• Inskipp,F * Proctor,B. (1993). The Art, craft and tasks of Counselling supervision, Part 1 – making the most of supervision, Cascade Publications ,
  • Inskipp,F * Proctor,B. (1995). The Art, craft and tasks of Counselling supervision Part 2 – becoming a supervisor.
  • Ladany, N., Friedlander, M. L., & Nelson, M. L. (2005). Critical events in

psychotherapy supervision: An interpersonal approach. Washington, DC:, American Psychological Association. This book brings together research on critical events in supervision and presents guidance on dealing with such events.

  • Lane, R., (1990) Psychoanalytic approaches to supervision. Brunner/Mazel. New York, NY.
  • Page,S & Wosket,V. (1995) Supervising the Counsellor: a Cyclical Model; Routledge, London & New York,
  • Milne, D. (in press). Evidence-based Clinical supervision. Wiley-Blackwell, Chichester.

Current review of the literature underpinning supervision, together with practical advice about training and implementation within services.

  • Page, S., & Wosket, V. (2001). Supervising the counsellor: A cyclical model (2nd Ed.).

Philadelphia, PA, Brunner-Routledge. A well written book that provides a clear generic model of supervision that could be adopted in many contexts.

  • Proctor, B. (2000). Group Supervision: a Guide to Creative Practice. London, Sage.

Invaluable text for anyone using supervision groups.

  • IAPT Supervision Guidance December 2008 pdf
  • Scaife, J. (2008). Supervision in clinical practice; A practitioner’s guide. 2nd edition.

London, Routledge. A focus of mental health will make this good reading in relation to the IAPT programme.

  • Stoltenberg, C. D., & Delworth, U. (1987). Supervising counselors and therapists. San

Francisco, Jossey Bass.A classic text that uses the results of research into the developmental model of supervision to describe how supervisors might modify their approach to supervisees dependant on their stage of professional development.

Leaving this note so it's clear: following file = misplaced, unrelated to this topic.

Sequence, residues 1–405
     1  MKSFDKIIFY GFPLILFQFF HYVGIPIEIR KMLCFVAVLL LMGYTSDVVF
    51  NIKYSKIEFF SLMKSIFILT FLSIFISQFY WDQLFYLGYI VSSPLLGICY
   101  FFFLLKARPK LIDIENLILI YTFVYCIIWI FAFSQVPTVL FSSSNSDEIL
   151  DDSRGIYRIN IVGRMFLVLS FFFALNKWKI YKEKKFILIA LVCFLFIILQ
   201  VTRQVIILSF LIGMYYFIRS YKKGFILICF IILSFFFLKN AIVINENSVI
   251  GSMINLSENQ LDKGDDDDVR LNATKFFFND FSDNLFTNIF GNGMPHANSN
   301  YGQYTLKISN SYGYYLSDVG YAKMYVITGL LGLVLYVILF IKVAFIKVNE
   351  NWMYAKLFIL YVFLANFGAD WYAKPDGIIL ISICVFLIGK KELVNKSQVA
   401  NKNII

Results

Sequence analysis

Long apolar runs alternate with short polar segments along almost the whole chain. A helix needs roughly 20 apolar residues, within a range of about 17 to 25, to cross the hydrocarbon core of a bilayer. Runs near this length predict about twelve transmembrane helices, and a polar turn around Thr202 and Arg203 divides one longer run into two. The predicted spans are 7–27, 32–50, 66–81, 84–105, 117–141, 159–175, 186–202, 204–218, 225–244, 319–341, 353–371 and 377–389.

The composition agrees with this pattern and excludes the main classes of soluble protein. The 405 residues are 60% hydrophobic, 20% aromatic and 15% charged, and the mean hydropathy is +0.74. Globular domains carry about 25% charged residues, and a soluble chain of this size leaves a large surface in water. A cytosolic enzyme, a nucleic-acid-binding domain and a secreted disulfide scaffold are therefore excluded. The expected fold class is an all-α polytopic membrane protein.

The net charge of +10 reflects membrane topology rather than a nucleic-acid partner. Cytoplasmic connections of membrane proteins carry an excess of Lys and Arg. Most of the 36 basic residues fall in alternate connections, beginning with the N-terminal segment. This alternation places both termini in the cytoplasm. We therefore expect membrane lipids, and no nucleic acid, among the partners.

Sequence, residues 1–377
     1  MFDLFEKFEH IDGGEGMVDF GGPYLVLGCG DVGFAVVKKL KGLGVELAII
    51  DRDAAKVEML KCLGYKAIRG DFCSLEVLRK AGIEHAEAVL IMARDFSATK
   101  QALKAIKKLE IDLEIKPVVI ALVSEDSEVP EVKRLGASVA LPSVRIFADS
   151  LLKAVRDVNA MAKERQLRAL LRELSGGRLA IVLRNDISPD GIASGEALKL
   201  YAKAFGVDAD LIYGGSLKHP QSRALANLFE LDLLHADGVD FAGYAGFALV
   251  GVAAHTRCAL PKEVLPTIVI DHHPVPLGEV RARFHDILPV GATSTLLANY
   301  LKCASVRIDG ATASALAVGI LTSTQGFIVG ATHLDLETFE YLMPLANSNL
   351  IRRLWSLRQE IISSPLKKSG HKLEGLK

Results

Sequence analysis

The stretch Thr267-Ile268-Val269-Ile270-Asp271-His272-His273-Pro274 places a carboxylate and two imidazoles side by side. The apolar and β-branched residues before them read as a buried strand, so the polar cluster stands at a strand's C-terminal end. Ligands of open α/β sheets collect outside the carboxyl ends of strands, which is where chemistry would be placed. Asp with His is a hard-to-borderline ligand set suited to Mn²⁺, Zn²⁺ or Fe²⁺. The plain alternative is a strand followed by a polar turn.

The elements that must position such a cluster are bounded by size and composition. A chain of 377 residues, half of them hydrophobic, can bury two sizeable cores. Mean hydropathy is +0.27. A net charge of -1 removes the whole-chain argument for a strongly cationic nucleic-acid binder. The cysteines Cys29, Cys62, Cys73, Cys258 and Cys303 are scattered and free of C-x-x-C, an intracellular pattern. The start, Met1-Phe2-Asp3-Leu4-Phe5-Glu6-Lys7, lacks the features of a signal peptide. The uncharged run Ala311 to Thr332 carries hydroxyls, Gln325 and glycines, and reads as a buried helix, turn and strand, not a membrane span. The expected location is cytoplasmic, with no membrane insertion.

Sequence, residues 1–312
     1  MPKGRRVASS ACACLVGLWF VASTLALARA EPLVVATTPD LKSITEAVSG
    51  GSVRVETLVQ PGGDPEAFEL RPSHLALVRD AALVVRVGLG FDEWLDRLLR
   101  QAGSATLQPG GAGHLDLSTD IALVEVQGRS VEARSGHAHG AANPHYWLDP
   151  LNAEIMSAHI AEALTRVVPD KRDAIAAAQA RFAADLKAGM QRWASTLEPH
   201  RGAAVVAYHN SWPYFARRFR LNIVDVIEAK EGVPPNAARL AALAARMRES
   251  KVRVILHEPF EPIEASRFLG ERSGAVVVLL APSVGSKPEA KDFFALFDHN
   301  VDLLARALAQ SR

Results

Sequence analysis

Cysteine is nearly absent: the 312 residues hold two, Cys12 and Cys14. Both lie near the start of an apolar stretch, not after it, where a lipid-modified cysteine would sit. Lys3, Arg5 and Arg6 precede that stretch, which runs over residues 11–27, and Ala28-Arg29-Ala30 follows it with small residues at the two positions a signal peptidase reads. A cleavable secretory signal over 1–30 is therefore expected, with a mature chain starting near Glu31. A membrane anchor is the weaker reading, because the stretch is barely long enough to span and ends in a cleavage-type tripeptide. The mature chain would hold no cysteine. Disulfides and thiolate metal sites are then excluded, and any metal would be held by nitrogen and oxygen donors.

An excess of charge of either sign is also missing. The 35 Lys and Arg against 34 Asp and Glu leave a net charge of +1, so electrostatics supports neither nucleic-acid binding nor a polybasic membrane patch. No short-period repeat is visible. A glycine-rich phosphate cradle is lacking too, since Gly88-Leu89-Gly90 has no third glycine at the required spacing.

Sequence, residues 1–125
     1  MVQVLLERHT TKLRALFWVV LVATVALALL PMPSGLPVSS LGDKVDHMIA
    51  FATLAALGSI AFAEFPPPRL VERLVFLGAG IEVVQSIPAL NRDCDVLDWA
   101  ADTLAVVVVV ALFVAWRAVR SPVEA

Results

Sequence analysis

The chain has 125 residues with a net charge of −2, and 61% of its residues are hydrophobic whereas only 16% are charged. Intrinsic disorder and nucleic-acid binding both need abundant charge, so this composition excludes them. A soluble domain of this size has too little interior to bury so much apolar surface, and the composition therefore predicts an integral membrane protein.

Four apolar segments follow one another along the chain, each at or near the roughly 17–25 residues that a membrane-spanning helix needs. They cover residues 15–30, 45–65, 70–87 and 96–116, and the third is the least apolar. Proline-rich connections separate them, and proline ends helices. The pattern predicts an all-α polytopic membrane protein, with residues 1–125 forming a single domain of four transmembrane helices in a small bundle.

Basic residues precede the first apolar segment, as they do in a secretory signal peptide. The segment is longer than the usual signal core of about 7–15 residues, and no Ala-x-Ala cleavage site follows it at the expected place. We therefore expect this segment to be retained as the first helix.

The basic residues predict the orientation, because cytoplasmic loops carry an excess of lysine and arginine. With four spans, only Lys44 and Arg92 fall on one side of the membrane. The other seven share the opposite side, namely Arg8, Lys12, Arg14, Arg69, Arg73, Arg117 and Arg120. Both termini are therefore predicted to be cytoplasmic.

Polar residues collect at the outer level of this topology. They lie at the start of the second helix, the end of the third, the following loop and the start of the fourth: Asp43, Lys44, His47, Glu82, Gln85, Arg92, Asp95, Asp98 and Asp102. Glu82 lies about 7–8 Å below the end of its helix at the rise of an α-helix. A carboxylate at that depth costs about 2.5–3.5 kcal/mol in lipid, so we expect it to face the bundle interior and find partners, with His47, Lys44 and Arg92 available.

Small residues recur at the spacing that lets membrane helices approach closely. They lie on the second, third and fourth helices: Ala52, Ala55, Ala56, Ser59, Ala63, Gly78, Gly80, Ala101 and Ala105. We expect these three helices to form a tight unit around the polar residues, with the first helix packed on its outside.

• Watkins, C. E., Jr., Ed. (1997). Handbook of psychotherapy supervision. New York,

John Wiley & Sons Inc. A book to be used as a reference to find relevant research into supervision and critique of supervision research methodologies.

  • Wheeler, S. (2003). Research on supervision of counsellors and psychotherapists: a

systematic scoping search. Rugby, BACP. Provides references to supervision research up until 2002.

  • Wheeler, S., & Richards, K. (2007). The impact of clinical supervision on counsellors

and therapists, their practice and their clients: a systematic review of the literature. Lutterworth, BACP. A review that focuses specifically on ways in which supervision impacts on therapists and clients.

Additional material – Books

Key texts – Papers

  • Alpher, V. (1991) Interdependence and parallel processes: a case study of structural analysis of social behavior in supervision and short-term dynamic psychotherapy. Psychotherapy. 28 218-231.
  • Bahrick, A., Russell, R., & Salmi, S. (1991) The effects of role induction on trainees’ perceptions of supervision. Journal of Counseling and Development. 69 434-438
  • Bambling M., & King R., (2000) Supervision and the development of counselor competency. Psychotherapy in Australia. 6 4 58-63
  • Bernard, J., & Goodyear, R. (1992) Fundamentals of clinical supervision. Allyn & Bacon: Boston.
  • Bernstein, B., & Lecomte, C. (1979) Supervisory type feedback effects: feedback discrepancy level, trainee psychological differentiation, and immediate responses. Journal of Counselling Psychology. 26 295-303.
  • Binder, J., & Strupp, H. (1997) Supervision of psychodynamic psychotherapies. In Watkins (ed) Handbook of Psychotherapy supervision. New York: Wiley & Sons. Ch 4.
  • Bordin, E. S. (1983) A working alliance based model of supervision. The Counseling Psychologist. 11 1 35-42.
  • British Psychological Society (2002) Criteria for the accreditation of postgraduate training courses in clinical psychology: Guidelines on Clinical supervision. Leicester: British Psychological Society.
  • Burke, W., Goodyear, R., & Guzzard, C. (1998) Weakening and repairs in the supervisory alliance: a multiple case study. American Journal of Psychotherapy. 52 450-462.
  • Carey, J., Williams, K., & Wells, M. (1988) Relationships between dimensions of supervisors influence and counsellor trainees performance. Counsellor Education and Supervision. 28 130-139.
  • Carroll, M (2007) Clinical psychology supervision. Clinical Psychology Forum, 174,35-37
  • Division of Clinical Psychology (2003) Policy guidelines on supervision in the practice of clinical psychology. Leicester: British Psychological Society.
  • Casement, P., (1993) Towards autonomy: some thoughts on psychoanalytic supervision. Journal of Clinical Psychoanalysis. 2 389 - 403.
  • Cook, D., & Helms, J. (1988) Visible racial/ethnic group supervisees satisfaction with cross-cultural supervision as predicted by relationship characteristics. Journal of Counseling Psychology. 35 268-274.